Lean Meat Sandwiches
Meat is a hotly debated subject in the fitness world. Some health officials insist it’s ultimately unhealthy, even if consumed cautiously. Others insist it’s a fitness enthusiast’s best friend. The least debated meats are the lean protein from birds, particularly large birds, like turkeys. Unless you are morally or physically incapable of consuming meat, a turkey sandwich will not hurt you, especially if you use whole grain bread. The less bread you use, the better. The lean meat itself is a fantastic resource for your growing muscles. If you supplement your walking with weight lifting or other intense muscle-building activities, it’s likely you’ll need to eat lean meat regularly in order to keep up with your body’s demands. Sandwiches are easy to pack in advance, and they’re great for walkers on the go.
Ultimately, you should confer with your doctor before making significant changes to your diet. Changing out packs of chips and cookies for nuts and fruits is almost always a safe transition, but be careful of food allergies. Unless you have a preexisting condition, however, your doctor should give you the green light. You need to replace the energy you burn and support your muscles as they develop. Even your bones need good nutrition, and without the right foods, exercise may push them to the breaking point. Fortunately, lots of tasty, healthy snacks are available for walkers. Whether you need nuts and fruit to keep with you as you travel, or you’d prefer to sit down with a bowl of oatmeal after your morning walk, these options will improve your results.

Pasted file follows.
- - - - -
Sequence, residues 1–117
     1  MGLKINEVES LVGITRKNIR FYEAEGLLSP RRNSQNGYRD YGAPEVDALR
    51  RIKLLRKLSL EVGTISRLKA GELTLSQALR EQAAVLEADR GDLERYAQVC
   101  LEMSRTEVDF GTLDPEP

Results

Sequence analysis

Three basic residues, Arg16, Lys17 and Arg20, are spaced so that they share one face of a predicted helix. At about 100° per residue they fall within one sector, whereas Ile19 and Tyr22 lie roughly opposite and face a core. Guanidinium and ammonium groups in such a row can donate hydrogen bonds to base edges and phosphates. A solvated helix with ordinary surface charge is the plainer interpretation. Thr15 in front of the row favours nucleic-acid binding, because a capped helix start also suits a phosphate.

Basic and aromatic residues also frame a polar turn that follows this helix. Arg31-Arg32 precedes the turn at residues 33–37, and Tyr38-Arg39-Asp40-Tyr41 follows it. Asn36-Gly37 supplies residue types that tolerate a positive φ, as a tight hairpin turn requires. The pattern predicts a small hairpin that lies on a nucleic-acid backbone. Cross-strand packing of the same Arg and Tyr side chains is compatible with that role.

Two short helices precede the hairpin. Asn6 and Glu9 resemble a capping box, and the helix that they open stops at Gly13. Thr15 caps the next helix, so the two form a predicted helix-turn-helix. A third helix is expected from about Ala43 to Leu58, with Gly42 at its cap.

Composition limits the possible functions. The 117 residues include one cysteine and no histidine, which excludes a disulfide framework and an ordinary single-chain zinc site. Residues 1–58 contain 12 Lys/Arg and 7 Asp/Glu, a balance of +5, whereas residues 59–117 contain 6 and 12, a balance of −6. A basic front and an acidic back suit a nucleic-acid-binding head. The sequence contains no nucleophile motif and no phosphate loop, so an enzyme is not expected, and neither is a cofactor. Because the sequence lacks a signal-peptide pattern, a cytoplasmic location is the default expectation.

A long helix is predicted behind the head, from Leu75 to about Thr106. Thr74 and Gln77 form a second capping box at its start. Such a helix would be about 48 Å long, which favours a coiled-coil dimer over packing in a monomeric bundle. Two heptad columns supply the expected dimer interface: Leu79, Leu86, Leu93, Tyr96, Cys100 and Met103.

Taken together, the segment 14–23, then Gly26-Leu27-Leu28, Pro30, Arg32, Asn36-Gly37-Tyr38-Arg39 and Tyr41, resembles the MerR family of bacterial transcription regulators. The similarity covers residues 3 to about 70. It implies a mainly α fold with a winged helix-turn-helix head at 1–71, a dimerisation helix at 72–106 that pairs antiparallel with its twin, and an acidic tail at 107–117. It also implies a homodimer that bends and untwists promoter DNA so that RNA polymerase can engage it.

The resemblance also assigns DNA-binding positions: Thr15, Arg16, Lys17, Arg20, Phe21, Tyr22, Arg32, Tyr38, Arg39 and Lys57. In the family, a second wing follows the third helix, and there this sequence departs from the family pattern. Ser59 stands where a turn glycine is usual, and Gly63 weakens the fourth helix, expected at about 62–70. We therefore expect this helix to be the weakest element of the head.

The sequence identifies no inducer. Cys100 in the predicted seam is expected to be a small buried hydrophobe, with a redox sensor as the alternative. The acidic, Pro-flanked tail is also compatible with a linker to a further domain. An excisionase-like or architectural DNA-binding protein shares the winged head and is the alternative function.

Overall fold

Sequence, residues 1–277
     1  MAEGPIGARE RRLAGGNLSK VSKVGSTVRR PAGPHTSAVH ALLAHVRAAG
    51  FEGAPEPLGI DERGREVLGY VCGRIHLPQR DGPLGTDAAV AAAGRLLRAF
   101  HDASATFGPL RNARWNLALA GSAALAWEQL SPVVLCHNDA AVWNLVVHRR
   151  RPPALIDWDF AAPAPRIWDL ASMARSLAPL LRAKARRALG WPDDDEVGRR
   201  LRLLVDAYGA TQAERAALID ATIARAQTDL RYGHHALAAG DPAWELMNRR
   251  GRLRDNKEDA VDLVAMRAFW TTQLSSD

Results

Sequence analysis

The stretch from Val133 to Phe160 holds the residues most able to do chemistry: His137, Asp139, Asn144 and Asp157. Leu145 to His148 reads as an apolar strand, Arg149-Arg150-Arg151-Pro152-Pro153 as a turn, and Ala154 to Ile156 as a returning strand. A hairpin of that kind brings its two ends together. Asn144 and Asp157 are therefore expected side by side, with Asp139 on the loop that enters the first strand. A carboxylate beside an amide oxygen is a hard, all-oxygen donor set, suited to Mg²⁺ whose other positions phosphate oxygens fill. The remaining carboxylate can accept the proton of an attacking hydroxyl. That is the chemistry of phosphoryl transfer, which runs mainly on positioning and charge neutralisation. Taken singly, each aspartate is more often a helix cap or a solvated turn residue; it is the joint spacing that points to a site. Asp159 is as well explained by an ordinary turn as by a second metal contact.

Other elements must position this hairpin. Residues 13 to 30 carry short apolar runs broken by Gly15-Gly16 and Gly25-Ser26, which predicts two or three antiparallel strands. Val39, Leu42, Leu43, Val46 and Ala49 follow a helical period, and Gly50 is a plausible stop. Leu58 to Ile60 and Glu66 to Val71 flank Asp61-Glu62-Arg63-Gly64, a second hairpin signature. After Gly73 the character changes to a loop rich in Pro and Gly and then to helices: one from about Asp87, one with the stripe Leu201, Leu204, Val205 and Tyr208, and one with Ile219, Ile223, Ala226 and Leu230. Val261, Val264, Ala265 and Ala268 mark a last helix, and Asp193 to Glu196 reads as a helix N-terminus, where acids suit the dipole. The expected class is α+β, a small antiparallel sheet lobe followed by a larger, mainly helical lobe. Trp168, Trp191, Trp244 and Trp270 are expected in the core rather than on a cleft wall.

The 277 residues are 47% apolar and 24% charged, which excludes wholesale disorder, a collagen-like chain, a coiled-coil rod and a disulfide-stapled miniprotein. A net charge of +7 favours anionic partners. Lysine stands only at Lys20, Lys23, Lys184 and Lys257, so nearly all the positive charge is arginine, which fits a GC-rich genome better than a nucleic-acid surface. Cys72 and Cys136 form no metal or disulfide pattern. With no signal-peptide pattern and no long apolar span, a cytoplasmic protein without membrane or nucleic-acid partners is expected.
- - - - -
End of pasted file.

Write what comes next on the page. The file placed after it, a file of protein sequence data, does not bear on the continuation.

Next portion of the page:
Hey! I'm Mary, a married mother who is living in the Chicago suburbs. My favorite hobby is fitness-walking, I love to discuss and write about walking. If you have any questions, post in the comments and I will answer as soon as possible.